Amendment 87D was tabled by my noble friend Lady Barran and the noble Baroness, Lady Finlay. It would require responsible bodies to consider criteria to be published by the Secretary of State around best interests and the least restrictive option before authorisations are approved under the liberty protection safeguards. These are of course absolutely key principles of the Mental Capacity Act, and responsible bodies will have to consider them as part of any authorisation. As I have set out in previous debates, these factors already form part of the necessary and proportionate assessments, as well as other factors such as considering the wishes and feelings of the person. We will explain in the code how this assessment should be carried out and the factors that assessors should have regard to. I am grateful to my noble friend for some suggestions in that regard and I have just confirmed that the code would be published before commencement of the new scheme.

Amendment 87F, in the name of the noble Baroness, Lady Tyler, would remove the power of the Court of Protection to call for reports from local authorities and NHS bodies in cases relating to a cared-for person under the schedule. We think it is important, as I am sure she does, that the Court of Protection has access to such information but I heard the story that she told about an undue burden. I am certainly happy to commit to her that I will speak to colleagues in the Ministry of Justice to see whether there is any way that this process can be improved without removing the ability of the court to access the information it needs to make proper determinations.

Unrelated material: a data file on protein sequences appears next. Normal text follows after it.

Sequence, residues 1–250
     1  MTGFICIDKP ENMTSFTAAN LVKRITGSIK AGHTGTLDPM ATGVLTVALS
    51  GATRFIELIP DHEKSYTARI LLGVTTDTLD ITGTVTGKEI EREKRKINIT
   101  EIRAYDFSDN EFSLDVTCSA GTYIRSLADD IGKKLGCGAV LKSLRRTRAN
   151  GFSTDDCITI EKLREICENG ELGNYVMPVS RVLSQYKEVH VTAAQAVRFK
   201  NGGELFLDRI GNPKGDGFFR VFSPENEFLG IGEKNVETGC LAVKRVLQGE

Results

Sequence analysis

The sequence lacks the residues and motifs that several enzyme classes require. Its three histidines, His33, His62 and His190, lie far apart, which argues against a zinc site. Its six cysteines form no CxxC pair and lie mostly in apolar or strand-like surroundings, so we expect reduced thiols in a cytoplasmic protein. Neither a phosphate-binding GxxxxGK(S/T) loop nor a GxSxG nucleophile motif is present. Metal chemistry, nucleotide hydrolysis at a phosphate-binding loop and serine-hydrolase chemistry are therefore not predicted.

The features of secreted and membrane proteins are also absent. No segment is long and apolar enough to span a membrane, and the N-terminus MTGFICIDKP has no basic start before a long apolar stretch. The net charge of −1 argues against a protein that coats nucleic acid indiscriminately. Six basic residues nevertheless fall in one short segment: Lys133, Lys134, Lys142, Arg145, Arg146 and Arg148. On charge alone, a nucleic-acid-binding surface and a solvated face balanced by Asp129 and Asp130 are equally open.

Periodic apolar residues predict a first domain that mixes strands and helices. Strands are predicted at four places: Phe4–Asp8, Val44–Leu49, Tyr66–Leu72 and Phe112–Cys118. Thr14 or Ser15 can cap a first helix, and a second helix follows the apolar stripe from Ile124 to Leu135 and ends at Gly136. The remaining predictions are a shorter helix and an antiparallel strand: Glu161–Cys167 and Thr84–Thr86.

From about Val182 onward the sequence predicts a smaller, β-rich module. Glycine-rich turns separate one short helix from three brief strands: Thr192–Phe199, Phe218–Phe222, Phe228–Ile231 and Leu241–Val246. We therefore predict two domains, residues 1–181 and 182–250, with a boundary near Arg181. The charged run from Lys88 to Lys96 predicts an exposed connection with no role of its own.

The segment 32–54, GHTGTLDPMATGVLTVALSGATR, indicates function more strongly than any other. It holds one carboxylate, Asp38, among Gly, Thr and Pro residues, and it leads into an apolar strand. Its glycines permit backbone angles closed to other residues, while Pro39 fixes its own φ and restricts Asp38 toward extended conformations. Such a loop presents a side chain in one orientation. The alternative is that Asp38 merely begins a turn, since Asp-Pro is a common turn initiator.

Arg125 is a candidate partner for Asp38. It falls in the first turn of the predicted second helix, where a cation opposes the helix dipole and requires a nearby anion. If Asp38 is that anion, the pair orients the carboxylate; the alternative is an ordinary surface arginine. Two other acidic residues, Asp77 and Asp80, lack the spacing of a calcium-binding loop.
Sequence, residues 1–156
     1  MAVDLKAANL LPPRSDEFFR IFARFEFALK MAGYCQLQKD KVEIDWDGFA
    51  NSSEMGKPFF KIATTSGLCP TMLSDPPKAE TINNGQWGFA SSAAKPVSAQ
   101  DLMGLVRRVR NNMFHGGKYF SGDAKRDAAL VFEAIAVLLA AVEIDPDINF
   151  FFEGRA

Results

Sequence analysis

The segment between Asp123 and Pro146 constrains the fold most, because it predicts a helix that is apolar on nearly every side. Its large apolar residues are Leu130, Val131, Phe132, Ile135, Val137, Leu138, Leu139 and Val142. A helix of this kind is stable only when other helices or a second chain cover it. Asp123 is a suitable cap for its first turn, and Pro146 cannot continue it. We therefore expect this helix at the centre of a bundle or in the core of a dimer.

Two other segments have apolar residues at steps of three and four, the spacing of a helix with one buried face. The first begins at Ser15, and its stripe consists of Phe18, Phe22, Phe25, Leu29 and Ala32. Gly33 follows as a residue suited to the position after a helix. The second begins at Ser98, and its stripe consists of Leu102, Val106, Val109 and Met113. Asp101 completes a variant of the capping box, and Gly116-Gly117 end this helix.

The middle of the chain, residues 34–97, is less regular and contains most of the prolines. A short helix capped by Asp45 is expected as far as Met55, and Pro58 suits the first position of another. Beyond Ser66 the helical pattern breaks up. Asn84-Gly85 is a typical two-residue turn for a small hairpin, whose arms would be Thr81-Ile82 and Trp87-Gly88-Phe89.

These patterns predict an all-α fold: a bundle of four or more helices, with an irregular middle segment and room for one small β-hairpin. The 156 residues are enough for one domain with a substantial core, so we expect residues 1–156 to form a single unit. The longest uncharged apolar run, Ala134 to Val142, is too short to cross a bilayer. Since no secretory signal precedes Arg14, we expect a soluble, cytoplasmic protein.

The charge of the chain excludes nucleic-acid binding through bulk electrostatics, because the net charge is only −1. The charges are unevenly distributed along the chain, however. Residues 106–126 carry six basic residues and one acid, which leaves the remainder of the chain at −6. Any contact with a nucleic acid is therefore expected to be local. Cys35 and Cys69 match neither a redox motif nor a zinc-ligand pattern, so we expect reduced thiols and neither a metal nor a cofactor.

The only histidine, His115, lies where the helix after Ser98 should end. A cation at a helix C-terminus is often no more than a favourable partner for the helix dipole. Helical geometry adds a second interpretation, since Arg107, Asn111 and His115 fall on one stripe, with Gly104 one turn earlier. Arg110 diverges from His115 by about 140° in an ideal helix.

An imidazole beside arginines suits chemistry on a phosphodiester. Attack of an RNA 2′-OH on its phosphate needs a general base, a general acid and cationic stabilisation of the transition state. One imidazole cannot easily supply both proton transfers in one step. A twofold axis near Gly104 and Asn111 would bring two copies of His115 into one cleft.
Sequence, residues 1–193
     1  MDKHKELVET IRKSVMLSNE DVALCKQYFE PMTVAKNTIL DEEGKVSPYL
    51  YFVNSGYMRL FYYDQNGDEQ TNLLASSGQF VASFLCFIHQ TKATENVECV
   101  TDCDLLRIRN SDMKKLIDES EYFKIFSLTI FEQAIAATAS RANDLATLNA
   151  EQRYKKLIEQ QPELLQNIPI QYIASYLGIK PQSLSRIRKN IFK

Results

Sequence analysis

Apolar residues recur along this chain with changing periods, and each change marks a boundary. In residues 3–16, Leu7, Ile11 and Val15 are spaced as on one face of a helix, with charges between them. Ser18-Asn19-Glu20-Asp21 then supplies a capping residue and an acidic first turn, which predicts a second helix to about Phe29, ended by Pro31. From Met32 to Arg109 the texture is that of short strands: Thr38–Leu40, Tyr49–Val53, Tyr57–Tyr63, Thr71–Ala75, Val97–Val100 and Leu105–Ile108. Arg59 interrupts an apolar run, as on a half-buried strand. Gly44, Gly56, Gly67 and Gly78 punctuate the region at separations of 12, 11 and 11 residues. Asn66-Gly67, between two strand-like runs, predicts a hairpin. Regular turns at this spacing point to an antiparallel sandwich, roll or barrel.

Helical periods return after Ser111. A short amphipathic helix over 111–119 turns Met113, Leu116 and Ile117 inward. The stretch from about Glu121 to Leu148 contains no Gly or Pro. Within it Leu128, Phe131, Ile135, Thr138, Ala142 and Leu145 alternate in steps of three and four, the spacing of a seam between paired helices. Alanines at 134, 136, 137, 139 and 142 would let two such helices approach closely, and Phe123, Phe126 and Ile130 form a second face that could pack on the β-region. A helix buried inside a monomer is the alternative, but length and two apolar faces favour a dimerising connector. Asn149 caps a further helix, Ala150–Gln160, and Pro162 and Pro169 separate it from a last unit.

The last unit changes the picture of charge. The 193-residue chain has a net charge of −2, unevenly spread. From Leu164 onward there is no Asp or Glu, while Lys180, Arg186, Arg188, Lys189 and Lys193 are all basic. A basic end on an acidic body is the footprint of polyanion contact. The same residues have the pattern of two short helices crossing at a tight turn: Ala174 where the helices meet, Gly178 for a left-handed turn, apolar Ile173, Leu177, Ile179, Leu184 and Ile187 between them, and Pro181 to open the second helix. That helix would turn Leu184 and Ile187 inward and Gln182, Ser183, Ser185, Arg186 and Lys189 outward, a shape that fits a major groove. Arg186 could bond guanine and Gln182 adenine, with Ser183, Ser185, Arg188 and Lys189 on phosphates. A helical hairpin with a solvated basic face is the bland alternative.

Amendment 92A, in the name of the noble Lord, Lord Hunt, seeks to ensure that the liberty protection safeguards do not apply to any existing or pending DoLS authorisations. I can confirm that existing DoLS authorisations can continue until they are due for renewal or review. Clearly, depending on the final outcome of the Bill, the frequency with which those are renewed or reviewed will mean that there will be a steady stream of DoLS authorisations coming under the liberty protection safeguards in future, for those that are rolled over. Careful work will clearly need to be done with the sector to ensure that a tsunami of new authorisations does not happen but allowing for authorisations to continue under the previous system, until they can reach review or renewal, should go some way toward mitigating that risk.

Finally, Amendment 88, tabled by the noble Baroness, Lady Tyler, states that regulations should be subject to the affirmative parliamentary procedure and a consultation requirement. We have of course asked the Delegated Powers and Regulatory Reform Committee for its opinion on the regulation-making powers within the Bill and it has accepted that the negative procedure provides appropriate parliamentary oversight. As the Committee knows, we go against the DPRRC’s recommendations at our peril.

I apologise for detaining the Committee for six or seven minutes but I wanted to be thorough. I hope that I have been able to give the reassurances that noble Lords were looking for about the safeguards that we will put in place before commencement and the reviews of effectiveness to ensure that the system is working as intended. I hope that noble Lords will feel able to withdraw or not move their amendments.